Mr. President, Distinguished Experts,
Thank you for giving the Vietnam Committee on Human Rights the opportunity to testify today.
Exactly 17 years ago, I was here in this same room, at the review of Vietnam’s second periodic report on the ICCPR. I raised my serious human rights concerns in an in-depth report. Many of these were taken up by the Committee in their Concluding Observations.
I am here today to present a new report. Unfortunately, it repeats many of my previous concerns, because many of the Committee’s recommendations were not taken into account.
The most urgent problem is that of “national security”. The government informed the Committee that the Covenant has primacy over domestic law in Vietnam. But in practice, the authorities have emptied the Covenant of its substance by it subordinating it to the Constitution, which conditions the exercise of human rights on the “interests of the state” and “national security”. This conditionality is included in all new laws adopted by Vietnam.
These vague, catch-all “national security” provisions are in fact a legal veneer to suppress human rights. They make no distinction between violent acts and the legitimate exercise of the right to freedom of expression, and transform peaceful human rights advocates into criminals. Under these provisions, despite the recommendations of the Committee in 2002, pre-trial detention may be prolonged indefinitely, and lawyers are obliged to denounce their own clients.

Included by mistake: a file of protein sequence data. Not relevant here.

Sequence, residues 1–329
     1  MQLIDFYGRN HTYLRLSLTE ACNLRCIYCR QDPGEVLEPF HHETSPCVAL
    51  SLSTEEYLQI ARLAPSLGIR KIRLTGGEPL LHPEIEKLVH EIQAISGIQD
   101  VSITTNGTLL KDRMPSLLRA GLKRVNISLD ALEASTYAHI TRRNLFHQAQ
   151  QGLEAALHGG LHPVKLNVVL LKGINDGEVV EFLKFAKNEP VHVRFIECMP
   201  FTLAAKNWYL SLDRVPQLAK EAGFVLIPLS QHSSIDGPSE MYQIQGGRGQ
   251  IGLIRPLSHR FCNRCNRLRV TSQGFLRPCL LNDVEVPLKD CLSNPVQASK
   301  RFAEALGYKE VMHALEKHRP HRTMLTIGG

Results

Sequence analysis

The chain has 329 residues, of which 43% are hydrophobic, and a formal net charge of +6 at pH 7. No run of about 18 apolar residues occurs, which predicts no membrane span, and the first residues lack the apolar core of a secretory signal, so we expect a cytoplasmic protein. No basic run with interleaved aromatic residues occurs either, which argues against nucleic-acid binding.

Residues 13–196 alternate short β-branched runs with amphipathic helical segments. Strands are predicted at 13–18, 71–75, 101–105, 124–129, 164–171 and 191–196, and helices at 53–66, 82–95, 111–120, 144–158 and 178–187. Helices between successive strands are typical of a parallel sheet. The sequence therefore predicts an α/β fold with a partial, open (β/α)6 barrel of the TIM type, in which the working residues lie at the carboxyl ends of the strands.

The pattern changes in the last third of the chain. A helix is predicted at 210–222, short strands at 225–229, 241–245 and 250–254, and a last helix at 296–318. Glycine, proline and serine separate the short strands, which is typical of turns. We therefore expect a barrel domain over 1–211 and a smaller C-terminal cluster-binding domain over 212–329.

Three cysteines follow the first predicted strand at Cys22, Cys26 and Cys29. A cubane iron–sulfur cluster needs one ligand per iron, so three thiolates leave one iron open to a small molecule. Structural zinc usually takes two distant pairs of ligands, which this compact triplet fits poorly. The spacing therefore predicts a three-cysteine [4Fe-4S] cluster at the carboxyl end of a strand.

Recently, the number of convictions under Article 109 of the Criminal Code on “activities aimed at overthrowing the people’s government” have literally exploded, with two convictions in 2016, six in 2017 and 15 in 2018. This crime, which carries the death penalty, is used to sanction all advocacy of multi-party democracy and the separation of powers. For Vietnam, pluralism is synonymous with a threat to the existence of the Communist Party. Whosoever speaks out for pluralism is therefore guilty of “subversion”.
The Law on Belief and Religion violates Article 18 of the ICCPR. Religious freedom is a universal and inalienable right. Registration should be thus be optional, not mandatory, whereas this law protects only religious groups which are recognized by the State. Since the law came into effect, members of non-registered groups such as the Unified Buddhist Church of Vietnam (UBCV) have suffered increasing harassments, intimidation and detention.
Regarding the death penalty, although the number of crimes punishable by death has been reduced, the number of death sentences has significantly increased. The government announced that there were 122 more sentences in 2018 than in 2017. The total number of sentences and executions is unknown because they are classed by the government as “state secrets”.
Thank you for your attention.
This post is also available in: French